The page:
My youngest daughter is confident, outgoing, smart and creative. She is also very determined, stubborn, emotional and wilful. I am … most of the time… able to channel the onset of her many tantrums but there are times (OK frequently – I’m being honest) when I am unable to do this. She will have tantrums for hours – no exaggeration – and refuses to concede until she has broken me or got her own way.
This morning was one of those times when I broke easily. Yesterday I had taken all three children to Legoland with a visiting friend and we had all had an amazing time. There had been moments that I had caught her which averted the onset of a tantrum. The few days prior had seen me in the shadow of a dark cloud that was moving ever closer and even the sun that broke through at times did not shed light on my inner darkness. I woke up this morning already feeling fuzzy in the head and fragile, anxious.
It started well. I made breakfast. Hugged My two eldest on the sofa and chatted about the Legoland trip. My youngest was the last to wake and when she stirred I went in to her room and gave her hugs and kisses, stroked her hair and sang her my usual ‘Good Morning’ song. I cooked her scrambled eggs and ran her a bath as I packed her bag – ready for her to spend weekend with her father. She expressed that she didn’t want to go to her dad’s, yesterday and when she woke, but I tried to gently persuade her. This is what usually happens every fortnight, then she goes and has a great time.
After her bath as the time to leave approached she had a total meltdown over what she was going to wear. Her outfit for the day is a source of constant cause of stress, distress, complaint, tension and argument in our home. It always has been – ever since she could dress herself. Today I was unable to deal with the tears and screaming for an inappropriate outfit for the weather and the planned events for the day. I just started crying. I felt completely overwhelmed and slammed the wardrobe door and left the room to cool off and dry my eyes. She continued to scream at me from the other room. I responded, ‘You are actually driving me out of my mind! I can’t take this anymore! I can’t cope with this anymore!’ I then called her dad to talk to her, she hid under the covers but then agreed to get dressed and we compromised on an outfit. She switched back to happy as if the last hour hadn’t even happened but I felt drained.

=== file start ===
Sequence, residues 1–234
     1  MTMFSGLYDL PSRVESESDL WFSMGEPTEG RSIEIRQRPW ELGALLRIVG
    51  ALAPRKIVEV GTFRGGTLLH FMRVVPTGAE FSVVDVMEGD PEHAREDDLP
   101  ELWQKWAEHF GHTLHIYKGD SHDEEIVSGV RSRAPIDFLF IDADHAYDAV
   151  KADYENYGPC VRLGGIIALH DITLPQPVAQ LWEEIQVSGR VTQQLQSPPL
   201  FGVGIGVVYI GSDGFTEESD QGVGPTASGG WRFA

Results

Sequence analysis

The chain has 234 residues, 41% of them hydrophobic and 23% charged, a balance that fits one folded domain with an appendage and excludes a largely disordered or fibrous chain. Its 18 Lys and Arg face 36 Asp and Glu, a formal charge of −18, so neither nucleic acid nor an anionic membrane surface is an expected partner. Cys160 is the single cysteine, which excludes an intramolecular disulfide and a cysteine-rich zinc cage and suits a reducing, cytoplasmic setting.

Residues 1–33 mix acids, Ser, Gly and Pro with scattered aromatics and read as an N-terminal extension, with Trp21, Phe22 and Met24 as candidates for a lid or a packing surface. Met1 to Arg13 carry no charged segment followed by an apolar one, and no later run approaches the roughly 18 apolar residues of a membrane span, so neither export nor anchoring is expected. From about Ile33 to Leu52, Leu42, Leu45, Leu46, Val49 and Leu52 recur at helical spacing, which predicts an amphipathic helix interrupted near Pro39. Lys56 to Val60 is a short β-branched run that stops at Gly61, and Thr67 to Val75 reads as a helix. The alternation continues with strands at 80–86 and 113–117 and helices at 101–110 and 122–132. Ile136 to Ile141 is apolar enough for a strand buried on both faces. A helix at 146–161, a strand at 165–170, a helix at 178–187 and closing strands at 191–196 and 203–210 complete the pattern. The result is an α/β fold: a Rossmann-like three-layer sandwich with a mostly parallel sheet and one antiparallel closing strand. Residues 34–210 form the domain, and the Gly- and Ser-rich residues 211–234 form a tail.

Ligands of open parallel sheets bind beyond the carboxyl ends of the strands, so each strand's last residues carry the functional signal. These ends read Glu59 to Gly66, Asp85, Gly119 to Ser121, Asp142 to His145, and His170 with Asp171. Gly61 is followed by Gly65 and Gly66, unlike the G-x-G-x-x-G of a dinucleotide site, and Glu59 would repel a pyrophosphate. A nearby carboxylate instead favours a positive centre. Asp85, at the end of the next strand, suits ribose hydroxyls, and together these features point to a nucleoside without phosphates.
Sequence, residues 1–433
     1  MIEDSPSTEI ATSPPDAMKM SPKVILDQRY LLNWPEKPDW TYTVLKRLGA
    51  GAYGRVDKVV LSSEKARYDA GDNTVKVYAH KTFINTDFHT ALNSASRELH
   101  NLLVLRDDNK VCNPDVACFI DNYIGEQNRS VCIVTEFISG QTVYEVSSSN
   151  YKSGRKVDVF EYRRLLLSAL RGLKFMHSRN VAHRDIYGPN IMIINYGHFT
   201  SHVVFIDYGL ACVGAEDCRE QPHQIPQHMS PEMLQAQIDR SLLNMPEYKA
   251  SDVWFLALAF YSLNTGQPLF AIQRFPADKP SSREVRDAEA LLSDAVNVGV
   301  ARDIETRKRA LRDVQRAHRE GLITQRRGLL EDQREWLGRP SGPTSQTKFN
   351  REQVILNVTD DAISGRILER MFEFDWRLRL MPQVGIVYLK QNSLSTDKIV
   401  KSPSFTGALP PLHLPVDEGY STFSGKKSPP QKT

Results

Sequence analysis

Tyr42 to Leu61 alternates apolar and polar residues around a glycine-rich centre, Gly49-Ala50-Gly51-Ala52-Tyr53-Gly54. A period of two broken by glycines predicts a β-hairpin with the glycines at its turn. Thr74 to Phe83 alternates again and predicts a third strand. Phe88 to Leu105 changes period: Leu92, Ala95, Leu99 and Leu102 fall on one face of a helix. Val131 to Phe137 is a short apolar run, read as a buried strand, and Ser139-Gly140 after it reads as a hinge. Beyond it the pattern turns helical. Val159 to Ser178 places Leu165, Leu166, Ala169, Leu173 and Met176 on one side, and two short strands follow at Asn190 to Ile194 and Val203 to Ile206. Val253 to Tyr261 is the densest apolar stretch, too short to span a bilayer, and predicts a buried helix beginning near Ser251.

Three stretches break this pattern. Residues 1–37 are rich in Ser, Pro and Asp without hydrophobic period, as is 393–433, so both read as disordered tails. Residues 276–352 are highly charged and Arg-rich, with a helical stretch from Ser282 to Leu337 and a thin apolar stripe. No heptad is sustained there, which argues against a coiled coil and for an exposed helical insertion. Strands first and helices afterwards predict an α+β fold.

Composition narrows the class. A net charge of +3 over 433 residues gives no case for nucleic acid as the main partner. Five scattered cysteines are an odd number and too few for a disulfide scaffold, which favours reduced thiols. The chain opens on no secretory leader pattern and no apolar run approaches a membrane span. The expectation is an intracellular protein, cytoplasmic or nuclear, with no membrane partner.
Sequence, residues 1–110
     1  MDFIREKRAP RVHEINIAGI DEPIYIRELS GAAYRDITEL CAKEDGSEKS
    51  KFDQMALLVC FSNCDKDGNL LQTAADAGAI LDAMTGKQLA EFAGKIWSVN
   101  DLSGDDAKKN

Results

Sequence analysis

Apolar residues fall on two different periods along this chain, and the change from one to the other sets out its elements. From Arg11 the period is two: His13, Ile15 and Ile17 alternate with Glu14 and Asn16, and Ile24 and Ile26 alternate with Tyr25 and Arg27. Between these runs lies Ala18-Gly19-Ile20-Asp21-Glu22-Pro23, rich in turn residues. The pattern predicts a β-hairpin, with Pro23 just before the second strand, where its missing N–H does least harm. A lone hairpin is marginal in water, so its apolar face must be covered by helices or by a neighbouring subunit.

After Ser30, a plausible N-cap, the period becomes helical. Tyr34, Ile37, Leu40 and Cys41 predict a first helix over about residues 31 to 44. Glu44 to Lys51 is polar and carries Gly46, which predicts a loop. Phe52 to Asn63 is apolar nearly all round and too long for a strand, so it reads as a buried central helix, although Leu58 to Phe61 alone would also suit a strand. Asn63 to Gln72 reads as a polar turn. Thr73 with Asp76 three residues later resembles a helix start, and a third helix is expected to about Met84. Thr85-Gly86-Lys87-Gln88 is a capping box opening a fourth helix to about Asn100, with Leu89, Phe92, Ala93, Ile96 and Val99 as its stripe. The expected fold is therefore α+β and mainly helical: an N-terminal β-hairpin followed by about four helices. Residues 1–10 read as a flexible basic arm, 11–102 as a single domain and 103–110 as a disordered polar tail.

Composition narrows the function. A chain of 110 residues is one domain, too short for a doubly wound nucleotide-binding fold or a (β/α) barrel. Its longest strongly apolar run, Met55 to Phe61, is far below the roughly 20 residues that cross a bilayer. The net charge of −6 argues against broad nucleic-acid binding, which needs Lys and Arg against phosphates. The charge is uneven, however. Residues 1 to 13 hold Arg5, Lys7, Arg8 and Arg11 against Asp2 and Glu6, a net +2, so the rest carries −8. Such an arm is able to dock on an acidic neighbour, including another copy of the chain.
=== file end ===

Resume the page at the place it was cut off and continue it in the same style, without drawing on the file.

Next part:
My older daughter came into my room and gave me a big hug and told me she loved me. I apologised for shouting in the house and she said it was OK, not my fault. WHO IS BEING THE MUM HERE? I hate that my depression does not allow me complete control of my emotions. I was crying most of the morning – hidden I thought. I am afraid that my illness will have such a negative impact on my precious children. What can I do? I am raising them alone. I have very little support. My mum died two days after my youngest daughters birth. Dad of youngest is present every fortnight, Dad of eldest two – rarely present and when he is, dysfunctional.
Those moments when you realise that your children are checking on you to ensure you are OK… Is that OK? I am filled with guilt and cannot shake this bloody depression fully. There are days I am fine and others when I cannot hold back the tears. I have talked to my children and tried to explain that I am not feeling well inside – emotionally – in my head – that sometimes people can feel something more than sadness that is hard to shake and that it has nothing to do with them. I try to reassure them how amazing and important they are and I say sorry when I feel irritable and when I cannot hide the tears.
Am I a bad mother? Does my depression make me so?
Images: Stephen Hyde ‘Linocut Self-Portrait’